Astyn’s Garden is located beside the Behavioral Sciences Building on the northeast side of Lubbock Christian University campus. Dr. Michael Hardin, Chair of Behavioral Sciences and an Associate Professor at LCU, credits Charley Wasson, former CEO of Hospice of Lubbock, with being very instrumental in the establishment of the memorial garden.
"The idea for this project started in May 2012, and Charley Wasson at Hospice of Lubbock took it on as his personal project," Hardin said. "Charley is the one who raised the support for it. He is the one who was really responsible for raising the funds."
Renamed in honor of Astyn Qubty in 2016, the recent garden updates were graciously funded by Dr. Johnny and Diane Qubty to honor their daughter. This sacred space provides families from the South Plains a place to come together in memory of their lost loved ones, and it features a mural by local artist and LCU alumnus, Cliff Wilke. The idea for creating a mural in the garden came from LCU student and Psychology major, Maddie (Reaves ‘16) Hettick. In October 2017, Maddie received the inaugural LCU Heart of Service Award for her leadership and efforts in this project.
The garden is a quiet place for meditation. Just as we pass from one period of life to another, visitors symbolically leave the world behind as they pass through the garden’s gate into a space of quiet solitude. Inside the memorial, they can walk a looped meditation path and look at the rocks placed in honor of those who have passed on.
"Compassionate Friends of Lubbock," an organization that supports families after the death of children, has a chapter that meets monthly in the LCU Behavioral Sciences Building. Visitors are welcome. The meetings are held at 7:00 pm on the first Tuesday of every month in Room 110. For more information, contact chapter leader, Isabel Espinoza, at 806-218-2397 or TCFLubbock@gmail.com. You may also visit their website at compassionatefriendslubbock.org.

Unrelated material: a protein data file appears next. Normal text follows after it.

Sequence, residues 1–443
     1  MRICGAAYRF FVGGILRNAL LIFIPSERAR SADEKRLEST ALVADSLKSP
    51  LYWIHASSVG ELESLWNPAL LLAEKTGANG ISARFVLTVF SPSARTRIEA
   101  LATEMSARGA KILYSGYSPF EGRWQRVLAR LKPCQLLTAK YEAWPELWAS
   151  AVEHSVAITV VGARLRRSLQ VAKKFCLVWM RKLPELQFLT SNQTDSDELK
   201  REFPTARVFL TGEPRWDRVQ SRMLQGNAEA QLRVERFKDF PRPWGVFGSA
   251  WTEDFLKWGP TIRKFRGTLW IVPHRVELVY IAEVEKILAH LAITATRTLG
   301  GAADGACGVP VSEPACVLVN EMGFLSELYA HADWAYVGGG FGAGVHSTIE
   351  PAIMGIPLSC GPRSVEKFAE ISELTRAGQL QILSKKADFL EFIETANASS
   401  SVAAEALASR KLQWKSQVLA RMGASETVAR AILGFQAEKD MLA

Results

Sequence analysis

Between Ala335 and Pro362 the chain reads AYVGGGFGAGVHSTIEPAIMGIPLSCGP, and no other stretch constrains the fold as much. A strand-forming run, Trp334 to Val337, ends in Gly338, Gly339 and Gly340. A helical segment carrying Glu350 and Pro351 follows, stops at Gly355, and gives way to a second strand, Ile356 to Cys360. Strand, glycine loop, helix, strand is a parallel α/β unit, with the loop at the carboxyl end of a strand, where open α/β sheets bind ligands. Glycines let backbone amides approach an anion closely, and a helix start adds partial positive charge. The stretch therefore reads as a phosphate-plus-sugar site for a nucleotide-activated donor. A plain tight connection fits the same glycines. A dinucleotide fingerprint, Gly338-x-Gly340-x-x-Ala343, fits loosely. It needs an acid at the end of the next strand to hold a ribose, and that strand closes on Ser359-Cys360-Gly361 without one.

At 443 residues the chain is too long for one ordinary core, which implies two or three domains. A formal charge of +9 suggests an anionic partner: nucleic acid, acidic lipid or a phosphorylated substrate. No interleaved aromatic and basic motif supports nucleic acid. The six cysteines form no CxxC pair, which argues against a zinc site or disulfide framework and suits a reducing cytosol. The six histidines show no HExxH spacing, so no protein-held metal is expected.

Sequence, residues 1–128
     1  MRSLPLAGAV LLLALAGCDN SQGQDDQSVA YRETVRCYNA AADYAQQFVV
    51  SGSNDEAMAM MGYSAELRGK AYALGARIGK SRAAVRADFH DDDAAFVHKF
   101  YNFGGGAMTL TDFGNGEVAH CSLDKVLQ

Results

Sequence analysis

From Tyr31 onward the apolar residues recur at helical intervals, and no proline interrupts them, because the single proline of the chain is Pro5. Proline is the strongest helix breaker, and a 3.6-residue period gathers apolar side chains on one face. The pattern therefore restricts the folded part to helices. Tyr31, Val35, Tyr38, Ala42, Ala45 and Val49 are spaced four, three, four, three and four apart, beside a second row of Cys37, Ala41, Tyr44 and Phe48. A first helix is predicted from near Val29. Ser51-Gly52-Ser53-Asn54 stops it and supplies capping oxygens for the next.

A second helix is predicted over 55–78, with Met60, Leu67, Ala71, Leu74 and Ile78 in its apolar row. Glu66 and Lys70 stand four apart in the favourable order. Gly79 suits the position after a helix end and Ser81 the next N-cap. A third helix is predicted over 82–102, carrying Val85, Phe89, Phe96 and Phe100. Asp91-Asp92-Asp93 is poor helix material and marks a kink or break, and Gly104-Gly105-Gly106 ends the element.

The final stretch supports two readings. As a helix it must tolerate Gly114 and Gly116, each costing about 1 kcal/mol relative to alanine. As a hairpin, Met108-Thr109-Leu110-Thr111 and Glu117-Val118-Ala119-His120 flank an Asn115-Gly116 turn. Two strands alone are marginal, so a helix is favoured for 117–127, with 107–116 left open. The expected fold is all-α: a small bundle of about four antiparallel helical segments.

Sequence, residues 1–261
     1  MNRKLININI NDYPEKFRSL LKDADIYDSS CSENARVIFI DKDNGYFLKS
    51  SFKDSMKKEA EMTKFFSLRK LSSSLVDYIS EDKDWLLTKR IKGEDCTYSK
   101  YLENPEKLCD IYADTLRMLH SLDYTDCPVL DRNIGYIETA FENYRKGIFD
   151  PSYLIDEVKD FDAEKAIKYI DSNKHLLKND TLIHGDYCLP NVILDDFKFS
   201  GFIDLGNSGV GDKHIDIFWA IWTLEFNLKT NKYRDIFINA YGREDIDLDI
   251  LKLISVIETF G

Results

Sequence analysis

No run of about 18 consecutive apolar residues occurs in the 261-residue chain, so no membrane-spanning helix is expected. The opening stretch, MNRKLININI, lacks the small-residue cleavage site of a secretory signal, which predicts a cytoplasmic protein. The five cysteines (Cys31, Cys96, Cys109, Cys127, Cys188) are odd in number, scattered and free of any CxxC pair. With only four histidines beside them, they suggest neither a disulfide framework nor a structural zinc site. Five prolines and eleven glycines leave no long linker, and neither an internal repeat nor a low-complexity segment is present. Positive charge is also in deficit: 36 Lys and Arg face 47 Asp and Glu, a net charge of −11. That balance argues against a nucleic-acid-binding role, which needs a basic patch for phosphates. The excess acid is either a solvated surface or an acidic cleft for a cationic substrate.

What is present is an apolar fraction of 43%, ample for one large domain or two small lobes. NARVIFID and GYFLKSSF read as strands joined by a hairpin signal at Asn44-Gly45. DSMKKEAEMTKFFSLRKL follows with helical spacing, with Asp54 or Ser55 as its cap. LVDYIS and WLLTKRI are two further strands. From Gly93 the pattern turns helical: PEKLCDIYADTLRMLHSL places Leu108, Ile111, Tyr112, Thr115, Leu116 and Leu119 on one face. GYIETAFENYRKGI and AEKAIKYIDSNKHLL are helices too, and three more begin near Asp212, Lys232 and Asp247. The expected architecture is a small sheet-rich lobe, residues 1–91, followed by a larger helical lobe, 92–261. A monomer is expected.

For information about ordering a rock for the garden, contact LaLani Carter at LaLani.Carter@LCU.edu.
In this image the young girl is assisting a monarch caterpillar onto a page from the Bible she is reading because both the girl and monarch are aware that this world can only "offer" to give us things, but fail to keep their promise. With that in mind they both seem to anticipate the rustling pages of the New Testament and realize the hope found within them. The wind has picked up and is beginning to carry away these rustling pages. There are other caterpillars in the leaves of the tree in this image. The leaves of this tree are shaped like book pages (which will be a theme throughout the 3 walls).
In this scene the young girl is carefully inspecting a small monarch chrysalis attached to a milkweed plant. As the scene progresses to the right the milkweed leaves become "pages" and start to fly away, carrying with them even more monarch chrysalises. This scene highlights the full-fledged rustling of the pages of the New Testament. The chrysalis is a symbol of the caterpillar starting to find it's way to the right side of the door. He has begun to "put on glory". The wind carries the pages and chrysalises to the next scene.
Here we find the young girl assisting a monarch into the pond where other monarchs have found their way to be "united with beauty, to pass into it" and to "bathe in it". The only way they made it to this point is because they were once on the wrong side of the door as caterpillars. Their obvious transformation has brought them true glory.